Options for Building a Synchronization Provider

There are three options for building a synchronization provider in Windows 7: the Microsoft Sync Framework simple provider, the Microsoft Sync Framework custom provider, or implementing the Windows Sync interfaces to create a custom provider.

Microsoft Synchronization Framework Simple Provider

If you are building a synchronization provider that synchronizes only one data format and does not require any customization or special data filtering, then we recommend that you build a Microsoft Sync Framework simple provider. You have to implement only two interfaces:

  • ISimpleSyncProvider
  • IFullEnumerationProvider or IAnchorSyncProvider

For detailed information about the Microsoft Sync Framework and how to write a simple provider, see the Microsoft Sync Framework documentation.

Microsoft Synchronization Framework Custom Provider

The Microsoft Sync Framework custom provider allows you to take advantage of the Sync Framework implementations without being limited to a simple provider. You can customize your provider by writing your own implementations of interfaces such as IKnowledgeSyncProvider and ISynchronousDataRetriever, but you do not have to implement all of the interfaces yourself, as with Windows Sync.

For detailed information about the Microsoft Sync Framework and how to write a custom provider, see the Microsoft Sync Framework documentation.

Windows Sync Interfaces

Although it is more difficult to build a custom synchronization provider using Windows Sync, there are performance benefits to implementing the native interfaces directly. This might be an important consideration in some applications; for example, service-based applications.

The interfaces that you must implement to build a synchronization provider using Windows Sync are listed in the following table. For complete reference information about each of these interfaces, see the Windows Sync Reference section of this documentation.

IClockVectorElement IFeedClockVectorElement IClockVector
IFeedClockVector IEnumClockVector IEnumFeedClockVector
ICoreFragment ICoreFragmentInspector IRangeException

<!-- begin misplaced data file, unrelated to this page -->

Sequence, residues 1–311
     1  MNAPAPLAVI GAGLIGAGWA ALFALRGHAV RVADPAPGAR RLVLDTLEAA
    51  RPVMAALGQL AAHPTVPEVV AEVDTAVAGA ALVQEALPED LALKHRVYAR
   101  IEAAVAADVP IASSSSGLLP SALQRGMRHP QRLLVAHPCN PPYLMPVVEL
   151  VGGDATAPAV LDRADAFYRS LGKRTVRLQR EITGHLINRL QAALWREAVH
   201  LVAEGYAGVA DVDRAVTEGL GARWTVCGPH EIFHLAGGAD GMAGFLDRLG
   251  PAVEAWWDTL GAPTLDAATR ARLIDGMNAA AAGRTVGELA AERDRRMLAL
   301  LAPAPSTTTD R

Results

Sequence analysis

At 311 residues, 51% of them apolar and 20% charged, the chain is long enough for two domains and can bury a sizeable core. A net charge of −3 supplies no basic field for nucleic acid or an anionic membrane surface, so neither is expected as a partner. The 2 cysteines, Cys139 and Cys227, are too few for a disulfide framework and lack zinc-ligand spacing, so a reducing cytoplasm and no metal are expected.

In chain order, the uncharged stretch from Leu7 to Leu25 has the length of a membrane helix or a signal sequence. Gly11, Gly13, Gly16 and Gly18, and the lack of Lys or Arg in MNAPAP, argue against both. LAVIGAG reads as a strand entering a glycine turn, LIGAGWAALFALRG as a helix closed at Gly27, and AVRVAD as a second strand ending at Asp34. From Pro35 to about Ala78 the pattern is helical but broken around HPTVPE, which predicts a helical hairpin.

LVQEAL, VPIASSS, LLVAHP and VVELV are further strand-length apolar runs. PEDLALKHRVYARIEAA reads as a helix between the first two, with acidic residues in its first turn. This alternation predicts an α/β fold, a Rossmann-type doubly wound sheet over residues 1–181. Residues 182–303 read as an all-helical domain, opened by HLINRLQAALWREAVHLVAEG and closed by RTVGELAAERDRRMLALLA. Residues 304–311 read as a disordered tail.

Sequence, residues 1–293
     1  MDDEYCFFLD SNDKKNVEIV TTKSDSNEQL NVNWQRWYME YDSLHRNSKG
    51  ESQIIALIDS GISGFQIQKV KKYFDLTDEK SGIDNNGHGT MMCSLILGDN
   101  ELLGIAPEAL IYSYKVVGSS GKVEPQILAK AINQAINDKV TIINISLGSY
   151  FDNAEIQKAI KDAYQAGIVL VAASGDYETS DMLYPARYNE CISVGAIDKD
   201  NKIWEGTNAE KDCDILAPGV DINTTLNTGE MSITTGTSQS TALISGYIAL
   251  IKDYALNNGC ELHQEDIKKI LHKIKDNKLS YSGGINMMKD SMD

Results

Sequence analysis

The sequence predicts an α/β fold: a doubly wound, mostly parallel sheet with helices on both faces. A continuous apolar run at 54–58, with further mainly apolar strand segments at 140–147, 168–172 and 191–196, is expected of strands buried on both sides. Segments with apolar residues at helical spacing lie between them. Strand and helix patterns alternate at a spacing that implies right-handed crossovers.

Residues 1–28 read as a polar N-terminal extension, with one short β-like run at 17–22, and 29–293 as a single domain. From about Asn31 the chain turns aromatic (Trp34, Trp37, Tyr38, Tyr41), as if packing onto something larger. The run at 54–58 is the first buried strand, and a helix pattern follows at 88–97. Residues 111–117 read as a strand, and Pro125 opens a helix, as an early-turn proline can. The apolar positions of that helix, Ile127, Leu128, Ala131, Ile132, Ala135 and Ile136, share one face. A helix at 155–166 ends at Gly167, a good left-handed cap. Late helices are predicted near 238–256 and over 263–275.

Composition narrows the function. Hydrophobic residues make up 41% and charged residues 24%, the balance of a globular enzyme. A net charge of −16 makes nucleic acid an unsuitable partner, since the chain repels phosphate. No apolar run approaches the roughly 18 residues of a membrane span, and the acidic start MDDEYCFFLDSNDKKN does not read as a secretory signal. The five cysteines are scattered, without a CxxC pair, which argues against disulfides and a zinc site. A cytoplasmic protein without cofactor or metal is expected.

IEnumRangeExceptions ISingleItemException IEnumSingleItemExceptions
IChangeUnitException IEnumChangeUnitExceptions IReplicaKeyMap
IConstructReplicaKeyMap ISyncKnowledge IForgottenKnowledge
ISyncKnowledge2 IRecoverableErrorData ISyncChange
ISyncChangeUnit IRecoverableError IChangeConflict
ISyncCallback ISyncProvider ISyncSessionState
ISyncSessionState2 ISyncFilterInfo ISyncFilterInfo2
IChangeUnitListFilterInfo IEnumSyncChanges ISyncChangeBuilder
ISyncChangeBatchBase ISyncChangeBatch ISyncFullEnumerationChangeBatch
ISyncChangeBatchAdvanced IKnowledgeSyncProvider IEnumSyncChangeUnits
IDataRetrieverCallback ILoadChangeContext ISynchronousDataRetriever
IAsynchronousDataRetriever IFilterRequestCallback IRequestFilteredSync
ISupportFilteredSync IProviderConverter


The three most important interfaces for constructing a synchronization provider are ISyncKnowledge, ISyncProvider, and IKnowledgeSyncProvider.

  • The ISyncKnowledge interface represents the metadata that describes all of the changes that have been applied to a data store, either directly or though synchronization. Implementing this interface is the biggest task in creating a provider. This interface is implemented for you when you create a Microsoft Sync Framework simple provider or a Microsoft Sync Framework custom provider. However, when you construct a provider using Windows Sync, you must implement this interface yourself.
  • The ISyncProvider and IKnowledgeSyncProvider interfaces represent the synchronization provider. These interfaces are used by a synchronization session to synchronize data with another provider. When you build a custom provider using Windows Sync or the Microsoft Sync Framework, you must implement these interfaces. However, if you build a simple provider using the Microsoft Sync Framework, you will implement the ISimpleSyncProvider interface instead.

Microsoft Sync Framework Documentation

Windows Sync Overview